How to Beat a Disorderly Conduct Charge
In Texas, most disorderly conduct charges are misdemeanors, but that does not mean the offense is not serious. A conviction means more than a fine. It may mean supervised probation, community service work, and the loss of certain professional licenses. Obtaining legal counsel as soon as possible after an arrest is imperative.
Disorderly conduct covers a range of alleged behaviors. These range from using vulgar language or making offensive gestures in public, fighting, public intoxication, creating excessive noise, peeking into someone’s home or a private restroom or dressing room, or displaying a weapon in public “in a manner calculated to alarm,” as per Texas Penal Code 42.01. While most disorderly conduct charges are Class C misdemeanors, those involving firearms are harsher Class B misdemeanor violations.
Disorderly conduct sounds like a catchall term because it is. If the police want to arrest someone who is not a serious threat to the public, a disorderly conduct charge fills the bill. Many people charged with disorderly conduct are college students or other young people behaving boisterously.
Disorderly Conduct Defenses
Because disorderly conduct charges are so broad, much depends on the alleged offense. When two people get into a public fight, police often charge both parties, even though just one was the aggressor. These are not the types of cases that law enforcement spends investigative time on. If the other party hit you first, you have the right to self-defense.
If you are arrested for what you said, you may have a free speech defense. Much depends upon where the incident took place and the circumstances. In the heat of the moment, a police officer may arrest someone for disorderly conduct when the person asks a legitimate question of law enforcement.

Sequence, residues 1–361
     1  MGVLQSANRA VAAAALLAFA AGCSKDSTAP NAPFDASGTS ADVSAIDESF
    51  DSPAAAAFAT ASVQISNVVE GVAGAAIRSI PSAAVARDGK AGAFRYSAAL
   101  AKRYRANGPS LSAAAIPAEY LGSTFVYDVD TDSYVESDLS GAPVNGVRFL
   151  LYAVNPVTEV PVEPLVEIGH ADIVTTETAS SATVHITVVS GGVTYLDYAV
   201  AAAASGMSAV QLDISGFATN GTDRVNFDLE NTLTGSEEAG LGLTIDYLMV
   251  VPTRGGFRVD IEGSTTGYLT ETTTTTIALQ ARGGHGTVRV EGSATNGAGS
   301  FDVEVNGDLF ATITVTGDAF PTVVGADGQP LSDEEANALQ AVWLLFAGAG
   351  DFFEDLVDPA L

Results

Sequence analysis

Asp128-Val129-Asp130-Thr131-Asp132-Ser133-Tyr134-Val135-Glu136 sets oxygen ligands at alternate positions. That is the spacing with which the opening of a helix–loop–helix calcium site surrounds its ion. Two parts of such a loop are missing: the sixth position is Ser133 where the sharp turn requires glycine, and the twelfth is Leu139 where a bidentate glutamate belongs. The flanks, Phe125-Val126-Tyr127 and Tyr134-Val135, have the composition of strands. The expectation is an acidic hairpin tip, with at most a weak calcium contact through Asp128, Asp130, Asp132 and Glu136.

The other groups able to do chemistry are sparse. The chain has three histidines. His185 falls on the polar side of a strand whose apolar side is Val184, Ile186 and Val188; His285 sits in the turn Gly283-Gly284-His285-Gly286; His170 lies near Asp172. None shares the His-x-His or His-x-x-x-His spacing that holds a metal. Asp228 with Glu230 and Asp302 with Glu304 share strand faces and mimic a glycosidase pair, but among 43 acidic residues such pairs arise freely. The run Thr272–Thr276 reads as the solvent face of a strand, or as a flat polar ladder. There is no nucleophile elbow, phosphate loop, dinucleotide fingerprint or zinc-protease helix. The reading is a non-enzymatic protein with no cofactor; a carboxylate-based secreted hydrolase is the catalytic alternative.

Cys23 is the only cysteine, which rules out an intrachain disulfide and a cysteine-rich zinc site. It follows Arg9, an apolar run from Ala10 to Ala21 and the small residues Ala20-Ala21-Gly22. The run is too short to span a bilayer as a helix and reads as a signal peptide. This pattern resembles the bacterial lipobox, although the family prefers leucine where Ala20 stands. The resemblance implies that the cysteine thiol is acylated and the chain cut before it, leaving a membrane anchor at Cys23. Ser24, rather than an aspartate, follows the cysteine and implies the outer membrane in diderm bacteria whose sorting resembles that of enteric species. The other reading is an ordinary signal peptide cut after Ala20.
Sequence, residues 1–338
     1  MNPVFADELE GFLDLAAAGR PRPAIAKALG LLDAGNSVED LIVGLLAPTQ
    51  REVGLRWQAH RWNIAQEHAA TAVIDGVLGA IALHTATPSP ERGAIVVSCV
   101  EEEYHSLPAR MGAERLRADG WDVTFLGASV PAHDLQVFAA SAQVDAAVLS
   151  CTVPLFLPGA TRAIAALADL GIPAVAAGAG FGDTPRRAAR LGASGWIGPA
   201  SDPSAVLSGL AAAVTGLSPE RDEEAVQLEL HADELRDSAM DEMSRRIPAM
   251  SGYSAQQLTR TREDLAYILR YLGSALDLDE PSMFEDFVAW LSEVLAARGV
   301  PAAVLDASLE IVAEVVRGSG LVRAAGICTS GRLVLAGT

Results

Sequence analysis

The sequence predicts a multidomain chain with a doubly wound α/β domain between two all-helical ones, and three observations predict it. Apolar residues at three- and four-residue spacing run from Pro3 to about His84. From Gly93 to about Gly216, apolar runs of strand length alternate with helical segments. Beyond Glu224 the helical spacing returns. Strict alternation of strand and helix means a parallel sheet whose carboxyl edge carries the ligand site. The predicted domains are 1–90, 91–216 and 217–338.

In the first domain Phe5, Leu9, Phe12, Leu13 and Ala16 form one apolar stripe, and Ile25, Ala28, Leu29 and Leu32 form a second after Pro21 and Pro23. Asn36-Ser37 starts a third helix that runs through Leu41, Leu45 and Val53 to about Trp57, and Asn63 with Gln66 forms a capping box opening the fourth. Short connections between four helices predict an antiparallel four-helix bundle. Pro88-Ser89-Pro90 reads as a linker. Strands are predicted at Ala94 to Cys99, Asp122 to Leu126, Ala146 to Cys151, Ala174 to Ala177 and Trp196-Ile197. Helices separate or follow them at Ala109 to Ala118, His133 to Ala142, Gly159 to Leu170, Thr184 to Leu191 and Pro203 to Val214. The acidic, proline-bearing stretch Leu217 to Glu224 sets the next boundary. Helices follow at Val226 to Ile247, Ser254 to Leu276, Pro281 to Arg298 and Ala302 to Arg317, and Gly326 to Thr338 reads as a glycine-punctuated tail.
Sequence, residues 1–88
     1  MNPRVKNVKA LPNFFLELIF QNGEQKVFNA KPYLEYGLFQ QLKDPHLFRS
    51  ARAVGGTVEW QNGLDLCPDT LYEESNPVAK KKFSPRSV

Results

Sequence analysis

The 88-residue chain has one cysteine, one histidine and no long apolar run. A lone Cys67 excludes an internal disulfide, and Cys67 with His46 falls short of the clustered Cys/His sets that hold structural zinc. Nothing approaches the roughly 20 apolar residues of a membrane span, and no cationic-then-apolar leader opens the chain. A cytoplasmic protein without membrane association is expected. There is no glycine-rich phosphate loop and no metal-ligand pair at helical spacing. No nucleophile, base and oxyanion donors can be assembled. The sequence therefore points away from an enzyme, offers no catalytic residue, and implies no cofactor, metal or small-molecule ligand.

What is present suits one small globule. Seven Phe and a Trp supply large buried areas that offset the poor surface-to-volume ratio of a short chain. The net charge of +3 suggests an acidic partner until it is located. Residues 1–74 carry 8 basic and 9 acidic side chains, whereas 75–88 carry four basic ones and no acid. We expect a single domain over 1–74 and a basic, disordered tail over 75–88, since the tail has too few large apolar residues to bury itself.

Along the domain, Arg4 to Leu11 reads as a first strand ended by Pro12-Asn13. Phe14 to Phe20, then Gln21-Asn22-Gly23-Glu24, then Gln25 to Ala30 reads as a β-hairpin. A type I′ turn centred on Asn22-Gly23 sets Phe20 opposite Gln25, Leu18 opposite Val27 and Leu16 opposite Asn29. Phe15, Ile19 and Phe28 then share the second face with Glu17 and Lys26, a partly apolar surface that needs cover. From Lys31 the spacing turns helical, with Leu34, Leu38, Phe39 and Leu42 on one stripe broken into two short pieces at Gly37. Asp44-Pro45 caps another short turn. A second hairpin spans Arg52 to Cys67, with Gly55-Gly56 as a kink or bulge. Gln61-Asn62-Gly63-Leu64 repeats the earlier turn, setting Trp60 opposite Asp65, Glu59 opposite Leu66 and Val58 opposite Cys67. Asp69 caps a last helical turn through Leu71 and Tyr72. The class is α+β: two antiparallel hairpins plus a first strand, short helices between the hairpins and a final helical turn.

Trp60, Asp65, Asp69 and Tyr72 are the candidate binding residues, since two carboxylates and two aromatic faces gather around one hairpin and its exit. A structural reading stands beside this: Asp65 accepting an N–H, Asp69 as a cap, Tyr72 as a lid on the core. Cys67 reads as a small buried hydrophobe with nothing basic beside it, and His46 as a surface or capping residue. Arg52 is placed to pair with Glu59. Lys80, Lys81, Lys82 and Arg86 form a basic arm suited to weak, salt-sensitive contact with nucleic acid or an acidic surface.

Disorderly conduct refers to public actions. If the alleged behavior did not take place in public, or if it is a fine line between whether the location was public or private, that is another potential defense.
When dispersing a crowd, police may arrest those in the area who do not immediately comply with their instructions. Anyone nearby could get swept up, including those who had nothing to do with the unruly crowd. An attorney might argue that their client had nothing to do with the disturbance and was simply in the wrong place at the wrong time.
In firearms cases, discharging a gun because the person was afraid that a dangerous, wild animal would cause bodily harm is another potential defense.
One of the most common defenses is simply that the accused did not commit the act.
Beyond a Reasonable Doubt
To win a conviction, the prosecutor must prove that the person acted with intention and knowingly. The standard is “beyond a reasonable doubt.”
Contact Peveto Law Firm
If you or a loved one were arrested for disorderly conduct, contact an experienced criminal defense attorney at Peveto Law Office right away. Call us 24/7 or fill out our online form to arrange a free initial consultation. We will review your summons, or any Class C warrants in your name, and advise you of your options. We serve clients throughout the Dallas, Plano, and North Texas area.
- Texas Penal Code, https://statutes.capitol.texas.gov/Docs/PE/htm/PE.42.htm
- Texas Government https://statutes.capitol.texas.gov/SOTWDocs/PE/htm/PE.9.htm